‘The model and the 6 F words (words that start with the letter ‘F’: Function, Family, Fitness, Fun, Friends, and Future) were created by Jan Willem Gorter,’ says Jeanine. She is proud to announce that in August 2021 he will become Professor of Pediatric Rehabilitation Medicine at the Wilhelmina Children’s Hospital and will also be working at the Máxima Center. She herself has been working at the Máxima Center since the new building opened in 2018. Jeanine: ‘I see the children referred to rehabilitation at the outpatient clinic, at the multidisciplinary consultations and at the consultation when they are admitted to the Máxima Center. Those include children in the neuro-oncology department, so the children with a brain tumor or a tumor in the spinal cord.’
‘As a rehabilitation specialist, I work with children and parents/caregivers to look at the effects of a disorder on daily functioning. Together with them I look for ways in which children, despite the consequences of their diagnosis and intensive treatment, can participate as actively as possible, at school, in play and at home with their families. And at how they can develop in the best possible way. To this end, I work with many different colleagues. That’s what I love about my job. Often children have wishes or questions, but so do parents/caregivers. Together we then find the best way to achieve this; whether I can help them with medication, whether they can do some more training in that, or whether we can help by supporting with tools, or some other strategy.’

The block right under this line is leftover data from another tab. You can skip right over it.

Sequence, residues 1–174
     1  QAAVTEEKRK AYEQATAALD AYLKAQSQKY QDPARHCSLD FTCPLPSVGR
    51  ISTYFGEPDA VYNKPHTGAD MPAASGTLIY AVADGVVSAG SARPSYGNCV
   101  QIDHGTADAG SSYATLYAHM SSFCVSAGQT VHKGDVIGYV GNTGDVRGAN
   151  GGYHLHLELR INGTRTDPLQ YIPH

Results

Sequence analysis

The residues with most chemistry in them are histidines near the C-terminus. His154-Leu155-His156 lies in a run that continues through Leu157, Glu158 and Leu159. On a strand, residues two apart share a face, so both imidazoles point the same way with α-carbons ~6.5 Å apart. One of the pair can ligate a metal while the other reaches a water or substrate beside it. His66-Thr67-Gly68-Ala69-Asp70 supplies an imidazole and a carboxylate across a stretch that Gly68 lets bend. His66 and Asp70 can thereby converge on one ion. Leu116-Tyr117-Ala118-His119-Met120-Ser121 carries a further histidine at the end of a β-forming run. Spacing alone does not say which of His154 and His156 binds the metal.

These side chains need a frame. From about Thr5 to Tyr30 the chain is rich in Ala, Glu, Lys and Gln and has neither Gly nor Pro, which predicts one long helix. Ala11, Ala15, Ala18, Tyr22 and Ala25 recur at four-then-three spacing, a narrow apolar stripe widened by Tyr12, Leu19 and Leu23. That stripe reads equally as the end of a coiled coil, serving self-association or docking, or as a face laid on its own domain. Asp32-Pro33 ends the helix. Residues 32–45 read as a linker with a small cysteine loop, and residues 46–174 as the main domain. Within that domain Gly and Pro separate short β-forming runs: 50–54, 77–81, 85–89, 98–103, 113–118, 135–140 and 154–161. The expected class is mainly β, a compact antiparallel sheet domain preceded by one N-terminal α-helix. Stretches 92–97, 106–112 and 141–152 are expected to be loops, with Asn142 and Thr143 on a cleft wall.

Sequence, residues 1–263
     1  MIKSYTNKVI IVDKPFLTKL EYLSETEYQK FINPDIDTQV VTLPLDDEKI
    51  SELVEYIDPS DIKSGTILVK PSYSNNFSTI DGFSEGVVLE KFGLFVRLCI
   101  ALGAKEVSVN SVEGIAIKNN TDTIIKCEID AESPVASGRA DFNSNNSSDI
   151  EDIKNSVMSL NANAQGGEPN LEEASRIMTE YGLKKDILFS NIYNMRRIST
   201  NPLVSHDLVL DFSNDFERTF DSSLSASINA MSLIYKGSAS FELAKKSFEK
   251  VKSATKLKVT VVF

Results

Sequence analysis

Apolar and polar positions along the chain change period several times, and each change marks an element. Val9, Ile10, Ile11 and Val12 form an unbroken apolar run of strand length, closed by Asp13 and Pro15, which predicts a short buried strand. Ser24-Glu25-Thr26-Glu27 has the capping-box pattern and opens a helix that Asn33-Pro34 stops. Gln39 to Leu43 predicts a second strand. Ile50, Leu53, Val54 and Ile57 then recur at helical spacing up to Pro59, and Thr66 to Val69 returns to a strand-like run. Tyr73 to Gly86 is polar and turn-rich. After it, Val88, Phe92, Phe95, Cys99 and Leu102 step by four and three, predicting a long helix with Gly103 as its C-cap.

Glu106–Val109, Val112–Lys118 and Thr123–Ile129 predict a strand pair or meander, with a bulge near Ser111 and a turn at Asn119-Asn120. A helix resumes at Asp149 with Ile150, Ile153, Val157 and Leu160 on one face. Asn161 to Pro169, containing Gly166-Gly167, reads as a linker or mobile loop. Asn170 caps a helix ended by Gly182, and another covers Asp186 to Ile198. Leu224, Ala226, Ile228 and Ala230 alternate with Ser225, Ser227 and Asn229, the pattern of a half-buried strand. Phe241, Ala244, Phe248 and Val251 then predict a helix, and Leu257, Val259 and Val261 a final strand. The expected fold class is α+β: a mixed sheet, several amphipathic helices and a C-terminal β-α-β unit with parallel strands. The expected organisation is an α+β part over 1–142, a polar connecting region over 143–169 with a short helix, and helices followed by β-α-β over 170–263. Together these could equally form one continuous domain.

Jeanine Voorman: ‘The F words model helps to think in terms of possibilities and prospects rather than the limitations that life with/after cancer holds for a child. We use this model in our approach to pediatric rehabilitation. And it helps as a framework during a conversation with parents/caregivers and children. The first word Function is about what children do in everyday life, at home, at school or in society; it’s about what children are or want to be able to do, and that they are allowed to do things in their own way. Then there’s Family: the most important environment for all children is the family. Treatment in pediatric rehabilitation should therefore always focus on children and their families. Fitness: Children with disabilities as a result of a disorder are less fit than other children and less fit than they should be. Future: it’s always important to keep the final goal in mind: a life as independent as possible in which the child fully participates in society. Friends: contact with peers and friendships are crucial to children’s development and, as caregivers, we encourage and support them. Finally, Fun: all children, including those with impaired development, want to have fun and play. That’s how they develop!’
‘This model is certainly more widely applicable,’ says Jeanine in response to the question. ‘These six Fs are always important; shortly after treatment, but also years after treatment. Whether you’re three years old or 15; the content of the six F words changes, and they are fleshed out differently, but for me these six remain an important stepping stone to discuss with children and parents. As a rehabilitation specialist, I look primarily to the future of each child: how to guide them to a life of optimal quality. By searching together for the prospects in these six areas, we empower children and parents/caregivers.